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CD Reviews:
Listening Room Special: Metallica

Of the Oakland Press

Posted: Friday, September 12, 2008

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Metallica, “Death Magnetic” (Warner Bros.) ***

The heartbeat that starts Metallica’s

11th album is a subtle way of assuring fans that this heavy rock titan is still very much alive — a message that, surprisingly, needs to be delivered 25 years after “Kill ‘em All” helped reinvent the metal landscape.

Rumors of Metallica’s demise have been greatly exaggerated, of course, but there’s no forgetting the disappointment over 2003’s “St. Anger,” an unexpectedly flat collection of long, formless songs that lacked the magic of its predecessors. Accompanied by residual fan resentment over the band’s ardent stance against Internet file sharing, the acrimonious departure of Michigan-born bassist

Jason Newstead and the unseemly specter of weepy, therapyriddled group members in the documentary “Some Kind of Monster,” it was fair to wonder if Metallica’s might had been compromised.

“Death Magnetic,” which comes out today in a rare non-Tuesday release, puts any questions to rest as frontman James Hetfield growls “what don’t kill you make you more strong.” The length of “St. Anger” is still there; only two songs come in under seven minutes, and the epic instrumental “Suicide & Redemption” weighs in near 10. But this time Metallica is riding the lightning again, its sharp dynamic attack intact as each track comes off like a mini-suite with changes executed like Chauncey Billups pivoting at the top of the key.

Working with new producer Rick Rubin — who helmed Slayer before he started working with Johnny Cash and Neil Diamond — Metallica has found its shred again and reminded us what a captivating experience it is.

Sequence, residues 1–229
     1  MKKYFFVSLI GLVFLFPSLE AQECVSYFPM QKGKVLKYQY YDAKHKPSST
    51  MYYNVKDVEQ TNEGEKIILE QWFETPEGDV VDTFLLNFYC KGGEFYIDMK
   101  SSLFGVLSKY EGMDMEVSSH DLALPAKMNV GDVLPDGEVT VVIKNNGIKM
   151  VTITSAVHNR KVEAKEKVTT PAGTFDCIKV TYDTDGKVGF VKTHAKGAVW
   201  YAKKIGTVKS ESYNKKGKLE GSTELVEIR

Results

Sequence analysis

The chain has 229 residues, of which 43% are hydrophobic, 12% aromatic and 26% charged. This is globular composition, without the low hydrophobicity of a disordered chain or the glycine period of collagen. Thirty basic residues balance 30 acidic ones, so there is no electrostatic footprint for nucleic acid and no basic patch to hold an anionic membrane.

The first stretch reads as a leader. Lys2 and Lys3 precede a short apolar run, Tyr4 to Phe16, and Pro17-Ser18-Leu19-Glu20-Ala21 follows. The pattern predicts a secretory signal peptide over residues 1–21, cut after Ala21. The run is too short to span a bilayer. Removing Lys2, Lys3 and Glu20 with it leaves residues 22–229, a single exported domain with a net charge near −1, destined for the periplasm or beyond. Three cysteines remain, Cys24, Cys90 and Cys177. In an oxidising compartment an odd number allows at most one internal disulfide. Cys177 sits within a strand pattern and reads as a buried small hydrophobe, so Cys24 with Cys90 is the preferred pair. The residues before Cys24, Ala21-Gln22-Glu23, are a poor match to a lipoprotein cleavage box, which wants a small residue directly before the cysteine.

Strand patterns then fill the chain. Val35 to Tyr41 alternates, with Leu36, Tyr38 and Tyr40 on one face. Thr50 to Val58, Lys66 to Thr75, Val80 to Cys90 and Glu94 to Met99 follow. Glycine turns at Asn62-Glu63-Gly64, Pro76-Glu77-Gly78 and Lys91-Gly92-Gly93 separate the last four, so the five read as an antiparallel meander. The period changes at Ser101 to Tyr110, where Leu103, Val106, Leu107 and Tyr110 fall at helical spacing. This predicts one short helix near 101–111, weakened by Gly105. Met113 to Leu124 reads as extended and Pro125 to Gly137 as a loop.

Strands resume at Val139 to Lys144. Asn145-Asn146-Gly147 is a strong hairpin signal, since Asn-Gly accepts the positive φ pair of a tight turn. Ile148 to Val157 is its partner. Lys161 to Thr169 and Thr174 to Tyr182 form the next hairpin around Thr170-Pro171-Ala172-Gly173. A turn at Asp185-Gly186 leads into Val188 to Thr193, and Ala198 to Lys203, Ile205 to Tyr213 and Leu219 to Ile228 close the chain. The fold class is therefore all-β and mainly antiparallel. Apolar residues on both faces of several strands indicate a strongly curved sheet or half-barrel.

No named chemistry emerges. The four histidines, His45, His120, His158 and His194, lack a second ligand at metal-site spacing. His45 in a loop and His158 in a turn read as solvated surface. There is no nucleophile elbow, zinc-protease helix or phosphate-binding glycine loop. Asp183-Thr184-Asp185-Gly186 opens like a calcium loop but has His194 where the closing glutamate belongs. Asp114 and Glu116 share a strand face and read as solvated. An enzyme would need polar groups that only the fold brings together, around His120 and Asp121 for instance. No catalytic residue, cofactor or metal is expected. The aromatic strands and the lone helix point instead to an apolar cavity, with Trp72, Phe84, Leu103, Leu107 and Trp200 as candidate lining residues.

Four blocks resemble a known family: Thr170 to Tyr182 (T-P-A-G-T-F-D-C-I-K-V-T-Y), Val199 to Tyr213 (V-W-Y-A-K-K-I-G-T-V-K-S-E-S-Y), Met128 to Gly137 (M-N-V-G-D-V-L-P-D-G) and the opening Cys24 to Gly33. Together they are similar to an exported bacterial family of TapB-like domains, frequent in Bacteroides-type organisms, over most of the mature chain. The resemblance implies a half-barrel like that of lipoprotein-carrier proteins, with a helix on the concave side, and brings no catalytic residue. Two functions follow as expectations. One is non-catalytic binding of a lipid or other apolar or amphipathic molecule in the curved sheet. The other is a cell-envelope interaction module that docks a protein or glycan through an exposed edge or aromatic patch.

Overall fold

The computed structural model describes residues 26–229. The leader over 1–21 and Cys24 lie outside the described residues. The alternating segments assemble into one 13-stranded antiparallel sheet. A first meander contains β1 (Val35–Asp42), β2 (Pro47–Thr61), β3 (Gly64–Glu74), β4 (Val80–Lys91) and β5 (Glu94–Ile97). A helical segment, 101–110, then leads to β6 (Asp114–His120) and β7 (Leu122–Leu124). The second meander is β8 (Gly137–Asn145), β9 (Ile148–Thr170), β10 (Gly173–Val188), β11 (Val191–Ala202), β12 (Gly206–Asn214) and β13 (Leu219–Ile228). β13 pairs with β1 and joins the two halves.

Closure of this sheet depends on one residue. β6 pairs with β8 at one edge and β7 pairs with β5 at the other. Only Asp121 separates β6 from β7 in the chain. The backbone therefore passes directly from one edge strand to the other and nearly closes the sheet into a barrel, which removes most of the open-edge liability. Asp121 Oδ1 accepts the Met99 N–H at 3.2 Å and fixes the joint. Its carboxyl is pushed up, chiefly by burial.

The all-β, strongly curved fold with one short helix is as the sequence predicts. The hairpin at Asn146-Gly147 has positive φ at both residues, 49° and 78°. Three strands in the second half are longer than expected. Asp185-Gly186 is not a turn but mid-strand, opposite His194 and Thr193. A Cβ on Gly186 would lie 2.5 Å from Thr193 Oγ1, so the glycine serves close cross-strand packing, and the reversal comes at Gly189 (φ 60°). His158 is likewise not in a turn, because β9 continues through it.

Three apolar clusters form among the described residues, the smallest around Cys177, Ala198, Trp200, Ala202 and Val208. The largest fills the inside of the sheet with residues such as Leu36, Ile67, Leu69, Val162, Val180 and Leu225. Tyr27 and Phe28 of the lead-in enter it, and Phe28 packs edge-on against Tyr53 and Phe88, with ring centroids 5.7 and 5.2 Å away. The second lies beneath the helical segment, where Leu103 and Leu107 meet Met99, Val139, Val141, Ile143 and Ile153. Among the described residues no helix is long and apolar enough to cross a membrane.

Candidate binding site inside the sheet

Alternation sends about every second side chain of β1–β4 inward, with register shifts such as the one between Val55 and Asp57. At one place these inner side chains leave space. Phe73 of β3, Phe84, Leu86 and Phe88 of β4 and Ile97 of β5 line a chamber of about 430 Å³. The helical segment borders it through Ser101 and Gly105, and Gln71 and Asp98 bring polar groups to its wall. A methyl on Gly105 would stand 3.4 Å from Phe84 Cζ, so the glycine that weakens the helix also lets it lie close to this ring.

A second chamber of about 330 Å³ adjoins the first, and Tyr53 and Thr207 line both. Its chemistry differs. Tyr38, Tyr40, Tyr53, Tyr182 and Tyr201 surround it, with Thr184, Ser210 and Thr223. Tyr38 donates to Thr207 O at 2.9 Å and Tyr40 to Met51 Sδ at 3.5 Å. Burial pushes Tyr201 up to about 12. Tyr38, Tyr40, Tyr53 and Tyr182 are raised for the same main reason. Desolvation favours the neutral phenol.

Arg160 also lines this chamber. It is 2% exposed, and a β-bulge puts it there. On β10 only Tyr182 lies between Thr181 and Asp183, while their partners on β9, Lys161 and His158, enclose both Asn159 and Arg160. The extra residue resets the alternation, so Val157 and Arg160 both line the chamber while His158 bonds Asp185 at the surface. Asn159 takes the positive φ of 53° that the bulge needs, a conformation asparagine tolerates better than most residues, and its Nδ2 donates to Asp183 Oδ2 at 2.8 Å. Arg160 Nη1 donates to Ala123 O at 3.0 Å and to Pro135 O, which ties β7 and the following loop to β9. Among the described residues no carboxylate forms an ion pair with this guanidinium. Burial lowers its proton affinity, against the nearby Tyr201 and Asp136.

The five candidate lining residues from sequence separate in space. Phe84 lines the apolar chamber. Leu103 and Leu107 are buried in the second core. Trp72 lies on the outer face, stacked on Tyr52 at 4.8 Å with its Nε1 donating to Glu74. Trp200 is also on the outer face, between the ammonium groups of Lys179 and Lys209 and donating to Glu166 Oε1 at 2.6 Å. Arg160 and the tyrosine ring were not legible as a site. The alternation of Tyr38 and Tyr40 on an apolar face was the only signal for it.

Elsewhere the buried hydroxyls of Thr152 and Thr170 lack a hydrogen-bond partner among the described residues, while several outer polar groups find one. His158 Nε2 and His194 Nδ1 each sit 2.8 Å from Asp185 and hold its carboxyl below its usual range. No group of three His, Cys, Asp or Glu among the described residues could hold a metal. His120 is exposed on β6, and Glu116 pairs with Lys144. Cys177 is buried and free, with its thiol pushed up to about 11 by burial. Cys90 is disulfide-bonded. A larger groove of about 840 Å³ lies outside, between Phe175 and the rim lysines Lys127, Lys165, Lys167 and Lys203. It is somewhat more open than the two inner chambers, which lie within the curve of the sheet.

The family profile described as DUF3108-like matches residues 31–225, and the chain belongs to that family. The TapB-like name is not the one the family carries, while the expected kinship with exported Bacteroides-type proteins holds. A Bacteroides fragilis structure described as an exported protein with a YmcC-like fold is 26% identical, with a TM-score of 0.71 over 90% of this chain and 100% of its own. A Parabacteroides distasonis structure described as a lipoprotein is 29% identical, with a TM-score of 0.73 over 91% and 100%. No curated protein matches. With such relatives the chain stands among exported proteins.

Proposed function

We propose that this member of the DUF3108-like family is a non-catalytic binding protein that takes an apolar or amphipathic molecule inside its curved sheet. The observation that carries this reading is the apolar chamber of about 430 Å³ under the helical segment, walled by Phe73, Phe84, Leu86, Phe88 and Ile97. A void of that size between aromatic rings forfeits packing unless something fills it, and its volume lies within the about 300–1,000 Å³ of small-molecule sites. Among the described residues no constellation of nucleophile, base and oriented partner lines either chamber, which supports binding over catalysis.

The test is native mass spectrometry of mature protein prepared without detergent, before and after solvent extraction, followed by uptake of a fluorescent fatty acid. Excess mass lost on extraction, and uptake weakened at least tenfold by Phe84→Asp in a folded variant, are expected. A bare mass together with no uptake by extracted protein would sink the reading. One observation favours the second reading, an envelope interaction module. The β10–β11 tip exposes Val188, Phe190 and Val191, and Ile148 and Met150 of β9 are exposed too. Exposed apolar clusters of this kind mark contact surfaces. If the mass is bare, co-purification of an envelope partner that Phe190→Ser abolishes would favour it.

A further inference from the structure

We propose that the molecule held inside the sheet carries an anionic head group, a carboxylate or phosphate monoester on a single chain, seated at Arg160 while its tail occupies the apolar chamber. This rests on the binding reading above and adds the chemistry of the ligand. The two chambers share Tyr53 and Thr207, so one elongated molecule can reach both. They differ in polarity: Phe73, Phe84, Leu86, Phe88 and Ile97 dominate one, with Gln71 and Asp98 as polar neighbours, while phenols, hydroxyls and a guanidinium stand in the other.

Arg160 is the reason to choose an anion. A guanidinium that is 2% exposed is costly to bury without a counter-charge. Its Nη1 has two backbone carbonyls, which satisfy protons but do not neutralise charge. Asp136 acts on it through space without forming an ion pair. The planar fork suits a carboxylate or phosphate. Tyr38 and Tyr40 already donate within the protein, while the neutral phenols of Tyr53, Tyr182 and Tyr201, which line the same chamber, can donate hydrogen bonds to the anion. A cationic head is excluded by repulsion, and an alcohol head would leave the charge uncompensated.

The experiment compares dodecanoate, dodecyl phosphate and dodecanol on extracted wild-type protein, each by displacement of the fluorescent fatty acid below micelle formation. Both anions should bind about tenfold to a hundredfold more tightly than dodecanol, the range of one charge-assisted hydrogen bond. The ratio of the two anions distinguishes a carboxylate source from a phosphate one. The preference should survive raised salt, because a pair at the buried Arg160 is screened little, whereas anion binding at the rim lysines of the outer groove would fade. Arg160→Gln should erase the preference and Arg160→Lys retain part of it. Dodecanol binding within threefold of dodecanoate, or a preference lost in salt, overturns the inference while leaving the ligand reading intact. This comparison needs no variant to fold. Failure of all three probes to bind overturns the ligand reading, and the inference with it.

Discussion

There are some mellow, string-accented moments in “The Unforgiven III,” but most of “Death Magnetic” is an unrelenting, defiant barrage that hearkens back to the vintage fusillades of “Ride the Lightning” and “Master of Puppets,” with some direct sonic references in songs such as “That Was Just Your Life,” “Broken, Beat & Scarred,” “The Judas Kiss” and “My Apocalypse.” Not for the faint of heart — or for those who discovered Metallica with “Enter Sandman” — “Death Magnetic” celebrates a band returning to form, with lead guitarist Kirk Hammett cranking out the solos that were sorely missing from “St. Anger,” Lars Ulrich getting a drum sound that matches his commanding attack and bassist Robert Trujillo making his presence known on “Cyanide” and “Suicide & Redemption.”

So the Metallica nation can comfortably rejoice — and bang its collective head. Despite concerns to the contrary, the group is in no way ready for the coffin that graces “Death Magnetic’s” cover.

Metallica will perform Jan. 13 at Joe Louis Arena in Detroit. Tickets are $58-78 and go on sale Saturday at 10 a.m. at all Ticketmaster locations.

Send your thoughts and comments to Gary Graff


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